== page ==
Conservation Public Lands & Waters

This Public-Land Mining Law Hasn’t Changed Since 1872. A New Bill Would Impose Royalties for Hardrock Mining on Federal Land

This act effectively funds mine reclamation efforts outlined in the Infrastructure Investment and Jobs Act
The Clean Energy Minerals Reform Act will help fund mine reclamation efforts.
Hardrock mines are speckled throughout public land across the country. USFS

This month, both U.S. Senator Martin Heinrich (D-N.M.) and U.S. Representative Raul Grijalva (D-Ariz.) introduced bills to help protect vital public land and the wildlife on that land. The bills focus on regulations around hardrock mineral extraction on public lands in the United States, which have not changed for 150 years.

The standing regulations took effect when President Ulysses S. Grant signed the General Mining Act of 1872 into law. That law allowed mining companies to extract more than $300 billion worth of gold, silver, copper, and other valuable minerals from U.S. public lands without paying any federal royalties. The mining companies also didn’t have to pay to clean up abandoned mines, a bill that taxpayers have been footing for decades.

Both Heinrich and Grijalva titled their bills the Clean Energy Minerals Reform Act. In the fact sheet for Grijalva’s Clean Energy Minerals Reform Act, six areas of focus were outlined: modernizing the mining plan, making the industry clean up their abandoned mine lands, setting clear environmental and reclamation standards, ensuring a fair return for taxpayers, requiring meaningful tribal consultation, and protecting unique places, such as National Parks and Preserves.

While both bills are very similar, there are some key differences. Heinrich’s bill would require mining companies to pay a rate “not less than five percent and not greater than eight percent based on gross income” of mining production on federal land. This rate wouldn’t apply to mining operations already in commercial production or those with already approved plans. Grijalva’s bill would establish a 12.5 percent royalty on new mining operations and an eight percent royalty on existing mines.

In Heinrich’s bill, this money would go to a fund that the Secretary of Treasury can use to carry out section 40704 of the Infrastructure Investment and Jobs Act, which provides the authority to use the Abandoned Mine Reclamation Fund for hardrock mine reclamation and clean up. This means the authority to establish the fund was provided in the Infrastructure Investment and Jobs Act, and the funding itself is driven through Heinrich’s Clean Energy Minerals Reform Act. It’s a strategic move to ensure all the legislation isn’t packed into one bill. One authorized the fund; the other would pay for it.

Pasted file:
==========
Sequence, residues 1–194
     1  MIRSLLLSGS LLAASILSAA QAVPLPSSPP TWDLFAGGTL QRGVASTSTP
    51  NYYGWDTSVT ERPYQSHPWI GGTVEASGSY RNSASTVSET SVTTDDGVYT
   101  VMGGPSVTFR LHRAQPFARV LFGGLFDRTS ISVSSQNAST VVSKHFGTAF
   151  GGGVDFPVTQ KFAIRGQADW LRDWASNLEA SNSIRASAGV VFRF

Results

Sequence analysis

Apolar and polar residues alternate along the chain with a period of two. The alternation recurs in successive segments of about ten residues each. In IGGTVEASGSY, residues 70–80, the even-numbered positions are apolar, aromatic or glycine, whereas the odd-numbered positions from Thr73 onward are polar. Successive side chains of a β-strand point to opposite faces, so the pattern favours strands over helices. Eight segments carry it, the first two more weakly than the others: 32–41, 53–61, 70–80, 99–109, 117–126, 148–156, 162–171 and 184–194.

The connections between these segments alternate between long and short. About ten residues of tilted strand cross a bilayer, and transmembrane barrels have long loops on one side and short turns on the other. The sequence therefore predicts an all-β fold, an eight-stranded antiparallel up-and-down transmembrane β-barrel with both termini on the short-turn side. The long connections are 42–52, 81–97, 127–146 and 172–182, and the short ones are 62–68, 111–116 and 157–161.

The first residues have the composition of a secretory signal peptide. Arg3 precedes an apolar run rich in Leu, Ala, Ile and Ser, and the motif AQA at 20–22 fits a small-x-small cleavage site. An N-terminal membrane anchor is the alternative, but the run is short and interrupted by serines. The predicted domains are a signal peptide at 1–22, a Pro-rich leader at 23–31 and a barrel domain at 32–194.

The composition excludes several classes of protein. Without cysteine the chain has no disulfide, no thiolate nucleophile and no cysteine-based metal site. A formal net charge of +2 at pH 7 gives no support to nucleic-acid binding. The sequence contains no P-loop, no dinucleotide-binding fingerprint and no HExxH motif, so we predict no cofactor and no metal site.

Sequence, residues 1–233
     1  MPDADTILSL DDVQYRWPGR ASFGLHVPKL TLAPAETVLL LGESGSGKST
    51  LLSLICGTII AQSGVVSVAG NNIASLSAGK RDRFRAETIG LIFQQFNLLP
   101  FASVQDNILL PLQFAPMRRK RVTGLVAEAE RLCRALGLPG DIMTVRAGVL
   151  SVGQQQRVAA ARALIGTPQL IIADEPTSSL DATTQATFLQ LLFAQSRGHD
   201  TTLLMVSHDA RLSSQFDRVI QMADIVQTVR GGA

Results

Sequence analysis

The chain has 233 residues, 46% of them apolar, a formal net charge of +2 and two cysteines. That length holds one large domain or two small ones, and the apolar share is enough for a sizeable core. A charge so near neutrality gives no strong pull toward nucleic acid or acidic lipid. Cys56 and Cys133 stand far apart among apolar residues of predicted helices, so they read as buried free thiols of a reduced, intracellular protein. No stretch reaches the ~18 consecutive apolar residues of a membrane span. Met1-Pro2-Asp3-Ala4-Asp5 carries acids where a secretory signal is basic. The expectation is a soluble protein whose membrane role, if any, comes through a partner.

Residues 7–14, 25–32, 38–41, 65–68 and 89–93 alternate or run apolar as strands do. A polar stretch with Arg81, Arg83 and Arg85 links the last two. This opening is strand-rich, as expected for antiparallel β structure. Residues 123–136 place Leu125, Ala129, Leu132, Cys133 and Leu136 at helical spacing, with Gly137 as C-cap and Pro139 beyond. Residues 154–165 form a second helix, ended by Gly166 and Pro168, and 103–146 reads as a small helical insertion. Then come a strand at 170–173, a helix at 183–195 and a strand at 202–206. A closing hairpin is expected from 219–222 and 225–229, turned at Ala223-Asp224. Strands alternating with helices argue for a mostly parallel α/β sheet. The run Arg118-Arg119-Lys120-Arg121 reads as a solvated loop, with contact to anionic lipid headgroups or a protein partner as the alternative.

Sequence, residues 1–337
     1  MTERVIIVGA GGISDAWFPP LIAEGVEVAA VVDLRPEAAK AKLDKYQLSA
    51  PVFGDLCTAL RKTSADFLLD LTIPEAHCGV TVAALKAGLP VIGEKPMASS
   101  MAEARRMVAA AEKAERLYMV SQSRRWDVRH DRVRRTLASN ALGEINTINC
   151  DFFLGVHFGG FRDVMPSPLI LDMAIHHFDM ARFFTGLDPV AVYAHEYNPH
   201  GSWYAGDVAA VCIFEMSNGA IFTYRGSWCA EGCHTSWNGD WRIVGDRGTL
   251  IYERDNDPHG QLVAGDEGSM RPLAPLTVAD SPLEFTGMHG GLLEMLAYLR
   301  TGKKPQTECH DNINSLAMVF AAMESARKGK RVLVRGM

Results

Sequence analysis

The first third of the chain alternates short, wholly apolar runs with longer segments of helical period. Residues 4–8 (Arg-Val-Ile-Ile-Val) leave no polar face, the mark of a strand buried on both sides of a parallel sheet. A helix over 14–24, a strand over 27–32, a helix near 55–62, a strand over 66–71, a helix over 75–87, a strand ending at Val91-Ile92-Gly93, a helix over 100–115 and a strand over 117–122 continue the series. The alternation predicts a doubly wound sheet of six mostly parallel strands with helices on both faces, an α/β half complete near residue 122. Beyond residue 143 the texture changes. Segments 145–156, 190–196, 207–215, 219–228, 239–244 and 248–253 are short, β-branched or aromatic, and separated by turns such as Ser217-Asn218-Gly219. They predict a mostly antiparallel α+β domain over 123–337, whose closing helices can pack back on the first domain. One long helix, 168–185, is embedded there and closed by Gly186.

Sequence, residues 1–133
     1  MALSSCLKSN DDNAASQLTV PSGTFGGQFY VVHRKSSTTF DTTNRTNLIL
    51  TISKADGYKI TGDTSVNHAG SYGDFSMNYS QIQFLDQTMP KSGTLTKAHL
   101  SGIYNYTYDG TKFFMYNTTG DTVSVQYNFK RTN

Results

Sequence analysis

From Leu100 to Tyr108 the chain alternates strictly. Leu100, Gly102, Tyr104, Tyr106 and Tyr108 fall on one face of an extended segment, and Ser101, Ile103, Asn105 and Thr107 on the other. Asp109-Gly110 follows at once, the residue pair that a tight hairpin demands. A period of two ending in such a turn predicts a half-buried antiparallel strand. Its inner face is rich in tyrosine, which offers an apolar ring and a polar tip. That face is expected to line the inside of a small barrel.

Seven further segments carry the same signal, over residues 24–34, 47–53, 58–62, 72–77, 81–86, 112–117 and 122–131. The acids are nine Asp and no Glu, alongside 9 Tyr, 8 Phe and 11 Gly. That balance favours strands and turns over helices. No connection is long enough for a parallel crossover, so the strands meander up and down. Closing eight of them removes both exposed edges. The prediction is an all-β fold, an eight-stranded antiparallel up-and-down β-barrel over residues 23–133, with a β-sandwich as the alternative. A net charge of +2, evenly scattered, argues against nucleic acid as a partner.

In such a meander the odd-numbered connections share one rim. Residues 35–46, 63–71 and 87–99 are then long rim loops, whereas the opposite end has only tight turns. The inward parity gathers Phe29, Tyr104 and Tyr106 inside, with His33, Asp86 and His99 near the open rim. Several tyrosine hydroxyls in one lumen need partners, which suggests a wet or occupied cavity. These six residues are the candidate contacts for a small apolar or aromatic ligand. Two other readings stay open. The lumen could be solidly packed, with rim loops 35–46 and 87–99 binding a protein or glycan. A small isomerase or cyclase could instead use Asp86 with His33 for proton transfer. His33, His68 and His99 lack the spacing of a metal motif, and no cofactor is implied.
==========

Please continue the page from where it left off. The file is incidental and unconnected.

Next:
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It’s also a great way to clean up the issues caused by this 150-year-old mining law. The toll of mining activity on habitat is nothing small. According to Sierra Sun Times, mining activity polluted 40 percent of the headwaters of Western watersheds. It also put numerous Native sites at risk of degradation or destruction. Wildlife in these areas is also greatly impacted. 

“It’s time we took our mining laws out of the 19th century and into the 21st century. Our public lands, waters, wildlife, and way of life depend on it,” said David Willms, senior director of Western wildlife and conservation at the National Wildlife Federation. “We applaud Sen. Heinrich and Chairman Grijalva for this common-sense legislation to reform the antiquated 1872 mining law and invest in our public lands, while also ensuring that the public receives fair compensation for the use of our public lands.”

“Hardrock mining should be similar to oil and gas and coal, who pay their fair shares,” says Backcountry Hunters & Anglers president and CEO Land Tawny, in reference to legislation like the Land and Water Conservation Fund. “Forty percent of Western watersheds are polluted by mine waste, and some places are simply too important for fish and wildlife to allow that to occur. This legislation would improve the authority to withdraw special places from mining, places like the Boundary Waters and others. We thank our congressional leaders for recognizing this and for moving to reform the most outdated natural resources law in the nation.”

The Clean Energy Minerals Reform Act Will Help cleanup and protect land and waterways.
The Clean Energy Minerals Reform Act could change mining laws for public lands, impacting waterways and wildlife across the country. Peter Pearsall / USFWS

“Hunters and anglers have long-advocated for legislation to modernize the General Mining Act of 1872,” said John Gale, conservation director of Backcountry Hunters & Anglers. “The world has changed a lot in the last 150 years and hardrock mining’s image of the one-man operation with a mule and a pickax is a far cry from the multinational corporations systematically extracting minerals from our lands and waters today.”

The protection of public lands and the wildlife on them should be a chief concern for any hunter or angler, and the Clean Energy Minerals Reform Act takes necessary steps to protect the land hunters and anglers frequently use.

“Fair royalties, agency discretion, and funding for abandoned mine cleanups are essential components of mining law reform and we thank Representative Grijalva for his efforts to tackle this challenging issue,” said Chris Wood, president, and CEO of Trout Unlimited. “We look forward to working with all stakeholders to help advance a bill that ensures certainty needed by industry while providing the tools and resources needed to clean up abandoned mines—one of the nation’s biggest threats to clean water.”

Editor’s Note: The headline of this story has been updated to clarify that a specific public-land mining law hasn’t changed, rather than all mining regulations on public land.